The development and evolution of bacterial infection involve three major factors1: (1) the portal of entry and skin barrier function,2 (2) the host defenses and inflammatory response to microbial invasion, and3 (3) the pathogenic properties of the organism.
Normal intact pediatric and adult skin is relatively resistant to infection and most skin infections occur when there is disruption of the skin barrier. Maceration, shaving, chronic wounds, excoriation of pruritic insect bites, and disruption of the epidermal barrier by other pathogens are some of the ways bacteria can breach the skin barrier. For example, skin trauma, interdigital maceration, or tinea pedis can be predisposing factors for lower leg cellulitis in an otherwise healthy person without venous incompetence or a leg ulcer.4
The character of the cutaneous inflammatory response to bacteria will be influenced by how the organisms reach the involved area. Local inflammation and suppuration commonly accompany direct bacterial infection of the skin. In septicemia, the vascular wall is often the primary site of skin involvement; hemorrhage, or thrombosis with infarction is the initial manifestation leading to ulceration or eschar. Certain bacteria can produce bacteremia or distant lesions without evoking an obvious inflammatory response at the portal of entry [e.g., Yersinia pestis, Streptobacillus moniliformis (rat-bite fever)], even in a healthy host. Occasionally, a devastating Streptococcus pyogenes septicemia has followed closely on an innocuous pinprick or abrasion that has not induced a significant local lesion.
Natural Resistance of the Skin
The normal skin of healthy individuals is highly resistant to invasion by the wide variety of bacteria to which it is constantly exposed. It is difficult to produce localized infections such as impetigo, furunculosis, or cellulitis, if the integument is intact.5 Pathogenic organisms such as S. pyogenes (group A streptococcus, GAS) and S. aureus produce characteristic lesions of cellulitis and furunculosis in hosts with normal defenses usually because there is a disruption of the normal skin barrier. The presence of a silk suture reduces by a factor of 10,000, in the case of S. aureus, the number of organisms needed to produce an abscess in the human skin.6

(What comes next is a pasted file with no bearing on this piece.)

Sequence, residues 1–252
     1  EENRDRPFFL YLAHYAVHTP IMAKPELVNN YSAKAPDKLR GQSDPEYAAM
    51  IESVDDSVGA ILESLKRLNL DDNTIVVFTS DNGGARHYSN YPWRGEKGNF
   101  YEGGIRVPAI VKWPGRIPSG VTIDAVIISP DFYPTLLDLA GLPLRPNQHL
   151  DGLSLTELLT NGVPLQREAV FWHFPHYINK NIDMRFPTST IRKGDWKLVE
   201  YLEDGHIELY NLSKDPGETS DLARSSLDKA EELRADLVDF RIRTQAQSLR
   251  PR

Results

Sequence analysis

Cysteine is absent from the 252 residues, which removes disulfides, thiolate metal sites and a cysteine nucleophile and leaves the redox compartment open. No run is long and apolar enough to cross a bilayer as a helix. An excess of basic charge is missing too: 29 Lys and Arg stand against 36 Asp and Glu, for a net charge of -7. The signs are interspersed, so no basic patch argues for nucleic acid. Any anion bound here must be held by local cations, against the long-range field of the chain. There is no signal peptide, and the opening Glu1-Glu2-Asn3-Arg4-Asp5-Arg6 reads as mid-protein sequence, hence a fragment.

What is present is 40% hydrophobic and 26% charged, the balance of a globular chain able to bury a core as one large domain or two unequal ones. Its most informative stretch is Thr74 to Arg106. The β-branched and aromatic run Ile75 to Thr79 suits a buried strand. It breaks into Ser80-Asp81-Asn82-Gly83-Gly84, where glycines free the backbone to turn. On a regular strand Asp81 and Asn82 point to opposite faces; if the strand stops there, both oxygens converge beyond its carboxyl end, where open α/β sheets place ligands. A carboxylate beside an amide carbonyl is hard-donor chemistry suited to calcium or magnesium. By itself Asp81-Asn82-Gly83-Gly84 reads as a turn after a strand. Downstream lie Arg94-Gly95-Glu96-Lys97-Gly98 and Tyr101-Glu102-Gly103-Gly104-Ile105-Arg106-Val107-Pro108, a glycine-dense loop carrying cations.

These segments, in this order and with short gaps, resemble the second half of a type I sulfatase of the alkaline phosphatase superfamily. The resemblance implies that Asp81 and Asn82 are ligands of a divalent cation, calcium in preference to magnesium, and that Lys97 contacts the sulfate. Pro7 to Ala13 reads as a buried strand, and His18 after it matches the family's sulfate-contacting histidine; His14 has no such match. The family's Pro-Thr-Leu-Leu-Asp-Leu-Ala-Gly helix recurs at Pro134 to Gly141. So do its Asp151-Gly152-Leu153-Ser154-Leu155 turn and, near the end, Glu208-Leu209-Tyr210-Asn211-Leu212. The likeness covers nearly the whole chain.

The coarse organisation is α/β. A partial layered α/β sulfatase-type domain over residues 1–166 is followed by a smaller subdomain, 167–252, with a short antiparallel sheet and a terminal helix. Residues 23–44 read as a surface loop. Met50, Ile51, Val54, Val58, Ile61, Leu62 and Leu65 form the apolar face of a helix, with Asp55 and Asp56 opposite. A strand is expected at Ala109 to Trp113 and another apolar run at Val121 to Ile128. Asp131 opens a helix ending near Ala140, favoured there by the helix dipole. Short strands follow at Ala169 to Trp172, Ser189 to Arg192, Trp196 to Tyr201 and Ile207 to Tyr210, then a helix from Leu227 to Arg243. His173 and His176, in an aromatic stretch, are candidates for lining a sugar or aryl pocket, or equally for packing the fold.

Bacteria are unable to penetrate the keratinized layers of normal skin and, when applied to the surface, rapidly decrease in number. Maceration and occlusion, which result in increased pH, higher carbon dioxide content, and higher epidermal water content, result in dramatic increases in bacterial flora.7 Some bacteria, such as those that are Gram negative, can only be found in such sites, suggesting that normal skin conditions prevent them from colonizing the skin. The relative dryness of normal skin specifically contributes to the marked limitation of growth of bacteria, especially Gram-negative bacilli.
Lipids found on the skin surface also may have antibacterial properties.8,9 Reduction of skin surface lipids with topical solvents prolongs the survival time of S. aureus on the skin. The free fatty acids, and linoleic and linolenic acids, are more inhibitory for S. aureus than for coagulase-negative staphylococci, a component of the normal skin flora. Sphingosine, glucosylceramides, and cis-6-hexadeconic acid have been demonstrated to have antimicrobial activity against S. aureus. Bacterial interference (the suppressive effect of one bacterial species on colonization by another) exerts a major influence on the overall composition of the skin flora.